Published on 4 March 2024
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Why are women disadvantaged in the workplace?

Rory Cellan-Jones talks to Emmanuelle Auriol, Nina Jörden and Francesca Barigozzi about the underrepresentation of women in certain sectors, the persistence of the motherhood wage gap, and the impact of flexible work arrangements on women’s careers.

This episode asks why are women disadvantaged in the workplace? Experts explore why women are underrepresented in certain professions. Why is the motherhood wage gap so persistent? How does flexible work impact women’s careers? And what does policy need to do to reduce gender inequalities in the workplace?

Podcast host, Rory Cellan-Jones (former technology correspondent for the BBC), discusses these issues with leading academics Emmanuelle Auriol (IAST), Nina Jörden (Bennett Institute for Public Policy) and Francesca Barigozzi (University of Bologna). 

Listen to this episode on your preferred podcast platform

Season 3 Episode 6 transcript

For more information about the podcast and the work of the institutes, visit our websites at and

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Audio production by Steve Hankey

Associate production by Stella Erker

Visuals by Tiffany Naylor

More about our host and guests:

Rory Cellan-Jones was a technology correspondent for the BBC. His 40 years in journalism have seen him take a particular interest in the impact of the internet and digital technology on society and business. He has also written multiple books, including “Always On” (2021) and his latest “Ruskin Park: Sylvia, Me and the BBC” which was published in 2023. @ruskin147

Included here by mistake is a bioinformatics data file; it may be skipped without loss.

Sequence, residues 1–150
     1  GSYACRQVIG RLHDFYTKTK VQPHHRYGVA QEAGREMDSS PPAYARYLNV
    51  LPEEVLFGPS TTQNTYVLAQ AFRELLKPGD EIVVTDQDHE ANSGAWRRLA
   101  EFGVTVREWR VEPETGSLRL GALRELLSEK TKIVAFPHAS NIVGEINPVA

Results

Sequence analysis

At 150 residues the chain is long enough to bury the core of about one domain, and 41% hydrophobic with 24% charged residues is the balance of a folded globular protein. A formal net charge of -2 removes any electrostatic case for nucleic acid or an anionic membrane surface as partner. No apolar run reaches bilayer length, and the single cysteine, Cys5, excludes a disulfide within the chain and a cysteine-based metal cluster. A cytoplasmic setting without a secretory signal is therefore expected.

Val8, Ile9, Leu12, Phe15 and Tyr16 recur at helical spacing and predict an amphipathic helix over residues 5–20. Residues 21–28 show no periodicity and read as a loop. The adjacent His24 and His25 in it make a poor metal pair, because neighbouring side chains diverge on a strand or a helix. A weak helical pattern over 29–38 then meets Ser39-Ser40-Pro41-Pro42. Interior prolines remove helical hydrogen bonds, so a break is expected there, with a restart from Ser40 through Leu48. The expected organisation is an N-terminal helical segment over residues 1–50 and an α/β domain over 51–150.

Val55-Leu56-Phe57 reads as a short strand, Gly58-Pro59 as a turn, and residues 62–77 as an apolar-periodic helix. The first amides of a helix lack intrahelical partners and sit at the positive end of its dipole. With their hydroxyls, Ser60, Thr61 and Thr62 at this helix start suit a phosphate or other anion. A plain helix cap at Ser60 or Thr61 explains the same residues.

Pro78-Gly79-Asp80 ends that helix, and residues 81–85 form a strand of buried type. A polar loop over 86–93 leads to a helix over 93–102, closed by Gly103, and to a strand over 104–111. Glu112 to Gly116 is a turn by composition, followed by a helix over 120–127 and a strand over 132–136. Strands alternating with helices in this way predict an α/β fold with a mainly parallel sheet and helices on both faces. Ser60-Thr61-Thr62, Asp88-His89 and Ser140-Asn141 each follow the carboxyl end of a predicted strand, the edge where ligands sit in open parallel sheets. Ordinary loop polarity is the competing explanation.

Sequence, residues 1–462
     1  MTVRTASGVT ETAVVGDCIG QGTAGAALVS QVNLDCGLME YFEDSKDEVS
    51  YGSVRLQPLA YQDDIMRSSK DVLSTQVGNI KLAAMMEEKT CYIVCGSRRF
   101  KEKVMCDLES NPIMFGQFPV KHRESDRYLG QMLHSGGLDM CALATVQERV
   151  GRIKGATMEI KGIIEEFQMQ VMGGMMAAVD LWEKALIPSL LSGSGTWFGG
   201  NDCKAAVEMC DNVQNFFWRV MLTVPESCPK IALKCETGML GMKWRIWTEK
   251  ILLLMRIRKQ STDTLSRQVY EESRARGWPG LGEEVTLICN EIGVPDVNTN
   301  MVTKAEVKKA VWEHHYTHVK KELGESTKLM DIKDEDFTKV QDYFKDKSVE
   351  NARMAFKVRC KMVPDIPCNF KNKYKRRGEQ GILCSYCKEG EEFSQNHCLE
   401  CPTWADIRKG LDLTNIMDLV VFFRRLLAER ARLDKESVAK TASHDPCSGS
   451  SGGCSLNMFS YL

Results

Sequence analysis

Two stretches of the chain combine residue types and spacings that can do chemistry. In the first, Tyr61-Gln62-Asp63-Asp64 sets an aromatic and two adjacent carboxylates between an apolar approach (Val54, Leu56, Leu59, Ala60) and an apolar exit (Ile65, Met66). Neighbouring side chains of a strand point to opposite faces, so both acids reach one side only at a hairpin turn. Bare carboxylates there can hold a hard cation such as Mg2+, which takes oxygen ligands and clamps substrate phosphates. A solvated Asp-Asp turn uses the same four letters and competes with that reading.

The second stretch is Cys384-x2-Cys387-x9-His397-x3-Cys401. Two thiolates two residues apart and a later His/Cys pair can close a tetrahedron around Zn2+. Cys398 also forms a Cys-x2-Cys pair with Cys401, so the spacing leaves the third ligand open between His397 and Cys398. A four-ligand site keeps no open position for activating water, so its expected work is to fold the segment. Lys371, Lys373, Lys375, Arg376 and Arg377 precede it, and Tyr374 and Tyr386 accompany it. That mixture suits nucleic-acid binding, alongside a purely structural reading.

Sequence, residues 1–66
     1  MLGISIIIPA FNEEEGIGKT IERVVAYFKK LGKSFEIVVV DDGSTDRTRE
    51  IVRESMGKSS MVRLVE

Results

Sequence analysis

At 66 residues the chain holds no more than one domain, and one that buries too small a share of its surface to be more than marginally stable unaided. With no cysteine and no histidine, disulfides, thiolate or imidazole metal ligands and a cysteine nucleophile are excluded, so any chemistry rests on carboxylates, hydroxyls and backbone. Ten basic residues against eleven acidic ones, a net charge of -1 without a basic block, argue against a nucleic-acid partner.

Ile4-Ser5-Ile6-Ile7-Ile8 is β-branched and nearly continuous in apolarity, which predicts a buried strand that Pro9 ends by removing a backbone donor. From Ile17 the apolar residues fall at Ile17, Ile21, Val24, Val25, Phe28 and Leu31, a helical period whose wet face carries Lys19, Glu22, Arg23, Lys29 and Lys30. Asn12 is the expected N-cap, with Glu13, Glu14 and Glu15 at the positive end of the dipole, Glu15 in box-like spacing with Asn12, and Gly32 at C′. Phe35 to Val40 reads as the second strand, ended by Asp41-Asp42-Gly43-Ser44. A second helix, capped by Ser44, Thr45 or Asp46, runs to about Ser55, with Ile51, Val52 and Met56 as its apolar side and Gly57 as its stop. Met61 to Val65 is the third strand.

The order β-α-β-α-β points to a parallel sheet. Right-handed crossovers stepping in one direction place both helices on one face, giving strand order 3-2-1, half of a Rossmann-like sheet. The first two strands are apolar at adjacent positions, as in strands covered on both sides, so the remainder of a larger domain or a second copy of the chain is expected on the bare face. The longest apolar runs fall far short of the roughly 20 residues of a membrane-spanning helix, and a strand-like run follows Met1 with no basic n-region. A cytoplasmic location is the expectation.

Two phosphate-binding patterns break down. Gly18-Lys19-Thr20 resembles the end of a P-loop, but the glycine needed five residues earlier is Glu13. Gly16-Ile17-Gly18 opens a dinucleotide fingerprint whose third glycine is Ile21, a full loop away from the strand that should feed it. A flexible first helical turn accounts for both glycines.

Emmanuelle Auriol is a full professor at Toulouse School of Economics. Her work, which combines theoretical and empirical approaches, focuses on industrial organization and development economics. She studies market failures, whether they are caused by the rent-seeking behavior of agents with market power, or by cognitive biases such as intrinsic motivations, religious beliefs, or discriminatory social norms, especially against women.

Francesca Barigozzi is a Professor of Economics at the Department of Economics of the University of Bologna. She is an applied microtheorist, and her fields of research include family economics, public economics, information economics, health economics, and behavioral economics. She holds a PhD in Economics from Toulouse School of Economics. She has been a visiting professor at Ecole Centrale Marseille, Boston University, and Toulouse School of Economics. Her current research activity focuses mainly on family economics, gender issues, and personnel economics. 

Nina Jörden is a research associate at the Bennett Institute. Her work focuses on questions around the future of work: What do employees need to be resilient and productive? What will “good work” look like in the future? How can work be meaningful and meet societal needs? Nina addresses these questions in both the private and public sectors. Nina holds a PhD in Organisational Studies from Loughborough University, an MSc in Human Resource Management from Loughborough University and a BA in Psychology and Management from the International School of Management, Germany. @jorden_nina

The views and opinions expressed in this post are those of the author(s) and not necessarily those of the Bennett Institute for Public Policy.

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